The lost magic mushroom of Kakadu

30 March 2022

By Margaret Puls

Lost in the wilderness of Australia’s Kakadu National Park is a native psychedelic mushroom that is unknown to science.

Dr Alistair McTaggart, a fungal genetics researcher at The University of Queensland, discovered microbial traces of the unknown mushroom in soil samples taken from Kakadu and Litchfield National Parks.

“I was checking on the distribution of another magic mushroom, gold tops, which we believe has been introduced to Australia, and found DNA sequences of this unknown fungus,” Dr McTaggart said.

Magic mushrooms are a group of fungi containing psilocybin, a naturally occurring psychedelic compound of interest in the treatment of depression and other mental health conditions.

Over 200 species of mushroom worldwide are known to produce psilocybin, and they are hypothesised to have influenced art, culture, and religion.

Dr McTaggart leads a project to curate the first legal, living collection of Australia’s native magic mushrooms.

It is unknown how many species of magic mushrooms occur in Australia. Some species are native, and some have been introduced.

“We are not certain of magic mushroom biodiversity in Australia,” Dr McTaggart said.

“We do not even know how many species produce psilocybin.”

Dr McTaggart found the elusive Kakadu Psilocybe in soil sample data from the Biome of Australia Soil Environments (BASE) database which hosts DNA sequence information about soil microbial populations from samples at a range of sites across Australia.

Psilocybe brunneocystidaita
Northern Territory's unknown magic mushroom is thought to resemble Psilocybe brunneocystidiata, discovered in the 1970s in rainforests in Papua New Guinea. Image: Guzman and Horak (1979), published in Sydowia. Republished with permission.

The unknown mushroom was identified in the Kakadu and Litchfield Park soil samples.

“The mushroom could be more widely spread, that’s just where BASE sampled,” Dr McTaggart said.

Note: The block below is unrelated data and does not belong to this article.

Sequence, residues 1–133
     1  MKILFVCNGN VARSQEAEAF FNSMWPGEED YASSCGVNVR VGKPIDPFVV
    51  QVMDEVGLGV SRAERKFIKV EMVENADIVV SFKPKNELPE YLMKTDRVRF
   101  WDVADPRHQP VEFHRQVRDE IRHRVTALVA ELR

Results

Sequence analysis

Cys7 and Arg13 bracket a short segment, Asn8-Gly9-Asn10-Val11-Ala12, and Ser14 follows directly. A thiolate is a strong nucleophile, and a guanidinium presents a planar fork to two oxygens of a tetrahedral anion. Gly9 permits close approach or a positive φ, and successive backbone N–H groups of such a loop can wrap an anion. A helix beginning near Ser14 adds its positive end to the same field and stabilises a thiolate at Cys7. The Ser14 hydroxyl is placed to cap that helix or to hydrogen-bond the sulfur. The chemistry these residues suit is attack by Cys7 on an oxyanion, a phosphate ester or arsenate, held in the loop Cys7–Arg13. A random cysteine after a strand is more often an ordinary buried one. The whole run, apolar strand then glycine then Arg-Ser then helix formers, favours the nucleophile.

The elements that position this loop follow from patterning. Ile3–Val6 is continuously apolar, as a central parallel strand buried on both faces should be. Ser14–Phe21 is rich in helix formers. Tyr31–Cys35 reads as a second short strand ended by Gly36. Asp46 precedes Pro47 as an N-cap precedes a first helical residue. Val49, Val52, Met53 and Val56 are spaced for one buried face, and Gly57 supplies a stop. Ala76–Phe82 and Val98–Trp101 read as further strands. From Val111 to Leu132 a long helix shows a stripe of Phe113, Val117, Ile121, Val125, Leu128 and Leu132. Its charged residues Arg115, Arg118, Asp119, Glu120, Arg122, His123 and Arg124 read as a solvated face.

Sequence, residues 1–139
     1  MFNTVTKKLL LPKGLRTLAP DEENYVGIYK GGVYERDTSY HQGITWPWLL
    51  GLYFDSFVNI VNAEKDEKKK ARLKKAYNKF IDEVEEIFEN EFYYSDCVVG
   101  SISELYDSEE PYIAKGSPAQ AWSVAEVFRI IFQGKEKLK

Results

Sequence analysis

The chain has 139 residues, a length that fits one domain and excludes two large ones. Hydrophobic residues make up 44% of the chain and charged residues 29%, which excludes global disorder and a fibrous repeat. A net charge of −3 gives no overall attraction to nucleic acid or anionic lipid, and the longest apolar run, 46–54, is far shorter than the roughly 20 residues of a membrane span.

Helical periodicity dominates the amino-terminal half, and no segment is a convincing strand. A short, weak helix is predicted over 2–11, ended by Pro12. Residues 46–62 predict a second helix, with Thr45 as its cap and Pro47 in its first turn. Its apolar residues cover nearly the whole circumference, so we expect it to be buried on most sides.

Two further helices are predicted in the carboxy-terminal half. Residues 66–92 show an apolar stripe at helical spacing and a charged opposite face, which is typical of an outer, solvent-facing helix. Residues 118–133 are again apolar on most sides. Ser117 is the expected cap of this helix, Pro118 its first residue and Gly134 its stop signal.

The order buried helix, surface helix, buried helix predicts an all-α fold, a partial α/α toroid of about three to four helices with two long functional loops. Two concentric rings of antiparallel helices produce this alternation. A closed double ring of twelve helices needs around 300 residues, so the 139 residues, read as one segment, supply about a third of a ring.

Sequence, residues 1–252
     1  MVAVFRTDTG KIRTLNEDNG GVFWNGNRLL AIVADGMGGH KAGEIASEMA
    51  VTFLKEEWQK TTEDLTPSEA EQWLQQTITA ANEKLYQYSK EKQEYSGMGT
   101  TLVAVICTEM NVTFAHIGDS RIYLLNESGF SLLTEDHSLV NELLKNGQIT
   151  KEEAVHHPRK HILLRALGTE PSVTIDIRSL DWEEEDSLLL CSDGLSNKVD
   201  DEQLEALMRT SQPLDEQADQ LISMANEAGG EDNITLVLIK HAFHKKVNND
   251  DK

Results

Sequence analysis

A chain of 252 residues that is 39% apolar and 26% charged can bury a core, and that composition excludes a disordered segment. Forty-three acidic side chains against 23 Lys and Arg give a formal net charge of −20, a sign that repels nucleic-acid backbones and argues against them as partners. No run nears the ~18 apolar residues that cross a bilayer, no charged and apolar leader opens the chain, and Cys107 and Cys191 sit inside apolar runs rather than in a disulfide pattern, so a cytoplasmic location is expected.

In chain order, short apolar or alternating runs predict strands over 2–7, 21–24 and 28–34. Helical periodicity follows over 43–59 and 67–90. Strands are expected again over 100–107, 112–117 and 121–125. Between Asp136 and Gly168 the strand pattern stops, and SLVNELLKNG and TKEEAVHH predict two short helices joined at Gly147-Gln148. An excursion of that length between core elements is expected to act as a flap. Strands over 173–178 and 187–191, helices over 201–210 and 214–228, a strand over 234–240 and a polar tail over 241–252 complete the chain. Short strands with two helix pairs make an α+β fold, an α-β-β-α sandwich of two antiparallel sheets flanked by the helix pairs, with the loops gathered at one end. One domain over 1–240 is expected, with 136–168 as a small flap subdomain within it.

He said the mushroom might not be unknown but “kept a secret”.

“Or it might be lost knowledge,” he said.

The starting point would be to check for mushrooms at sampling sites which have a brownish-purple spore print and stain blue when touched,” he said.

Dr McTaggart thinks Kakadu’s lost magic mushroom could look like Psilocybe brunneocystidiata, a species discovered in the 1970s in rainforests in Papua New Guinea.

It was a question about proliferation of ‘gold tops’ the world’s most well-known magic mushroom, that led Dr McTaggart to the discovery.

Gold tops, Psilocybe cubensis, are cultivated globally to produce psilocybin. It is not yet established where they originated.

He detected an unknown hallucinogenic species of mushroom while looking at the distribution of gold tops.

“I also found gold tops are not as abundant as I thought. The BASE soil data may suggest that gold tops are not an Australian native, as they are not present in soil sampled from native areas.”

More information:

BASE (Biomes of Australian Soil Environments) Project

Mapping Australia’s microbiome

Working with custodians and land owners, BASE has sampled soils from more than 1,500 sites across Australia and the Antarctic, spanning deserts, agricultural lands, the tropics, alpine regions, coastal areas and beyond.

To identify the microbial species present in each soil sample researchers used next-generation DNA sequencing, solving the challenge of handling more than 90 billion DNA sequences.

New analytical and visualisation tools use the terabyte scale data collected from deep sequencing of environmental samples, to generate a reference database of Australian soil environments. BASE data can be combined with other environmental data, including meteorological, climate, biological surveys, geochemical information, and vegetation type.

BASE University of Queensland contacts: